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Robotics 2

posted Mar 29, 2011, 11:20 AM by Mark Nance   [ updated Mar 29, 2011, 11:33 AM ]

Robotics II by Sean Melovidov

     Playing with Legos and experiencing a wide variety of programming technology was only the first step for us in robotics I. Robotics II is more critical and challenging. You have to really think “outside the box”. The challenges in robotics II take critical thinking and patience. Aaliq Rowland, Andrew Kingwell, Bill Jones, David Boyayok, Mr. Nance and I have all stepped up for a new challenge. The challenges of robotics I were teamwork, variables and estimations. Robotics II has the challenges of creativity, experiments, teamwork and patience. These challenges are difficult to overcome especially when you only have a few months to do it. The robotics II team will be traveled in February and March to compete in a region and statewide competition called “first tech challenge.” A lot of rules, studying and brainstorming was necessary for the competition, but the MEHS robotics team didn’t hesitate at all.

     Reading the rulebooks and assigning roles was our first step. When we first got to robotics II class we had no clue what we were going to be doing. When Mr. Nance told us about the competition we didn’t know how much work it would take. We voted on team captain (Sean), co-captain & book recorder (Aaliq), designer (Andrew &David), programmer(Bill) and our advisor was already Mr. Nance. Most of our days in the beginning of the semester were all reading the rules, searching for ideas, and brainstorming how we were to build our robot. In Robotics I it was all about Legos, but in robotics II it was all medal and screws. Towards February we found out more about the competition and were about a quarter done with our robot. It had taken us weeks to figure out a foundation model for our robot and how we were going to make everything fit. Our robot was going to be 100% original and, as Mr. Nance says, “K.I.S.S.” keep it simple stupid. Designing the robot and building took a lot of teamwork, brainstorming and a series of multiple tests and patience.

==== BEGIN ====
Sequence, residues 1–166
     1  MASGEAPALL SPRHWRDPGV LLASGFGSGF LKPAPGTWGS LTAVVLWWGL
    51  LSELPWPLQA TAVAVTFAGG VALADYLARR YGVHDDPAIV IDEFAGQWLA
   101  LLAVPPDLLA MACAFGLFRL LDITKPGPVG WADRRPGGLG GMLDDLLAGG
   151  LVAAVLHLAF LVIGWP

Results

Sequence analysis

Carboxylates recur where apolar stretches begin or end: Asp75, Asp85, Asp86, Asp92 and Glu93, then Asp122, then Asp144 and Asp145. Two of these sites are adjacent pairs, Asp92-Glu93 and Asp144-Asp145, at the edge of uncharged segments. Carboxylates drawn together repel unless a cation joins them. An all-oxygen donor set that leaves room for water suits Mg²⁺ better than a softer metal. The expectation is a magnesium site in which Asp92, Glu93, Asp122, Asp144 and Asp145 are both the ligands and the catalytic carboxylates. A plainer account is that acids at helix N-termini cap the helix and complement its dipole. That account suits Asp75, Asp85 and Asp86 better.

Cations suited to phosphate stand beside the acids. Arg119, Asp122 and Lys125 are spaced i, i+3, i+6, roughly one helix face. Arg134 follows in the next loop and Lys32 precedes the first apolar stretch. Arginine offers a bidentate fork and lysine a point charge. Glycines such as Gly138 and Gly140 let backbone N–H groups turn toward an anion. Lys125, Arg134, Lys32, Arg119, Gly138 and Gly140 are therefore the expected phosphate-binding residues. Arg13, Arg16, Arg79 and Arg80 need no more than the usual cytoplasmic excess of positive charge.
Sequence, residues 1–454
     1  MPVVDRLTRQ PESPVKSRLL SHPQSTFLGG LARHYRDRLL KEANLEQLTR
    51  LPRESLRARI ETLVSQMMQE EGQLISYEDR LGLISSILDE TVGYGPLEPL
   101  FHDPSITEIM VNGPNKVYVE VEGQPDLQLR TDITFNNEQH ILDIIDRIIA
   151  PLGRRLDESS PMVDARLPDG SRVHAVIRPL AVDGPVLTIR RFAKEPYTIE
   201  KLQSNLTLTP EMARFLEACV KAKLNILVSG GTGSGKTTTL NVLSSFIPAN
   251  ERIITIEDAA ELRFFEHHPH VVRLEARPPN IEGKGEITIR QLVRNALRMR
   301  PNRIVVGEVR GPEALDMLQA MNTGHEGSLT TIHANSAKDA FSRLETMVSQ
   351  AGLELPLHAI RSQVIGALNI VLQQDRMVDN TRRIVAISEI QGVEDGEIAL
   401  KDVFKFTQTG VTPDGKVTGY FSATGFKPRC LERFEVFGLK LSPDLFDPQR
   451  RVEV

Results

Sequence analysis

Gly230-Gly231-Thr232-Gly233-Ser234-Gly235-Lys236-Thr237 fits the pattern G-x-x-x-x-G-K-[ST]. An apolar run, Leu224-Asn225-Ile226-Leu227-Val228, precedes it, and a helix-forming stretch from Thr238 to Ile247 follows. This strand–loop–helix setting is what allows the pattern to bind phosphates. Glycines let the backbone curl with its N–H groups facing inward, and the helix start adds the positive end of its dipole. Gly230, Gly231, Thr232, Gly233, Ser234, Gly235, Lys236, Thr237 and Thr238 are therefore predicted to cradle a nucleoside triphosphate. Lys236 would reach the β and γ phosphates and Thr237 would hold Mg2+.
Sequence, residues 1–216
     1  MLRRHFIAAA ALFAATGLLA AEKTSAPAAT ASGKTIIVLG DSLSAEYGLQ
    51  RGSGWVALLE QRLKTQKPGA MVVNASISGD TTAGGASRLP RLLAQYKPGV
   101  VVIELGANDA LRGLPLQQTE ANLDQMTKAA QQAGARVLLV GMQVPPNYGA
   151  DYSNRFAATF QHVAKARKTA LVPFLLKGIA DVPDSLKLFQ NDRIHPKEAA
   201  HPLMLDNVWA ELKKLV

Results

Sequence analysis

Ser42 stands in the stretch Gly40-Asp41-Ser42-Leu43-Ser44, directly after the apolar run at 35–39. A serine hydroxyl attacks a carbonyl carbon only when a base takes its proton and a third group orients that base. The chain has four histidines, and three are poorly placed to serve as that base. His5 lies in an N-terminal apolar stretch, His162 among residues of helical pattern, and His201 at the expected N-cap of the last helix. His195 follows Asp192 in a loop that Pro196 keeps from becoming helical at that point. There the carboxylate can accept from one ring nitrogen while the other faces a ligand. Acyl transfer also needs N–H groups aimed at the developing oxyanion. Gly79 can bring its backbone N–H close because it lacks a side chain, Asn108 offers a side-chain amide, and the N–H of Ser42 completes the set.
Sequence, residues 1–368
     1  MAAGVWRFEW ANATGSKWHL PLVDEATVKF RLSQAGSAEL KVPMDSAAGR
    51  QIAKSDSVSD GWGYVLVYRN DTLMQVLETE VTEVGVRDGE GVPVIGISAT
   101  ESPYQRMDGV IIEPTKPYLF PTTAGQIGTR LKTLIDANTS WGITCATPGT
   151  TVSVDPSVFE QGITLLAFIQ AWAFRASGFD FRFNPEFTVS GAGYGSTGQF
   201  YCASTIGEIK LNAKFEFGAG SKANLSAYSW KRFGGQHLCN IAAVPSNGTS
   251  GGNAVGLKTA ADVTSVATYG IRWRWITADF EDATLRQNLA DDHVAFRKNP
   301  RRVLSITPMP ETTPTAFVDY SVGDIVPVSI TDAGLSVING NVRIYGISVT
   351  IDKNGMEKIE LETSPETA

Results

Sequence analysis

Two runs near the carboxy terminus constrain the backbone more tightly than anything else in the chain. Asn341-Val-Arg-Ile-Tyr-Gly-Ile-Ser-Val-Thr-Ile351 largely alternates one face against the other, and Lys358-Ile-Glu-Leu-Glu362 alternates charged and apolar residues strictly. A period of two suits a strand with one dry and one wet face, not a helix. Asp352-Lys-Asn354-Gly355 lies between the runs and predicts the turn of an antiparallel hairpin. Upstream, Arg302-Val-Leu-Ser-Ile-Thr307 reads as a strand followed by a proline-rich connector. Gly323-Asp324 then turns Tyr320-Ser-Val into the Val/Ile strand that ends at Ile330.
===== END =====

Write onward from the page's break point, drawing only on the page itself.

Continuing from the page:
Bill Jones, the head programmer, worked on programming for almost a month straight. Bill helped with many ideas on the building but had to study many ways for the robot to move as well as how to set the robot up with joysticks. Mr. Nance, who kept educating Bill with more programs, provided a device called the “Samantha unit” that would give the robot’s program wireless internet to the joysticks we would use in the competition. After hours and hours of staring at a computer screen to learn new programs, variables and statements, Bill was very competent in programming

     Aaliq and I, the captains of the team, floated around the classroom to help where we could. We suggested many ideas for the building. I spent much time with Andrew, the head builder, putting on screws and nuts to connect the robot’s structure together.

     Andrew and David, the builders, spent most of their time brainstorming and trying out different structures and movement methods for our robot. They were always in a race against time to find a K.I.S.S. structure that would work best.

      The robotics II class has many different challenges that test our ability to remain working and focusing on the task at hand. If you like the way this class sounds than you should think about participating in robotics I to get a feel for the techniques and smaller challenges that will prepare you for robotics II.
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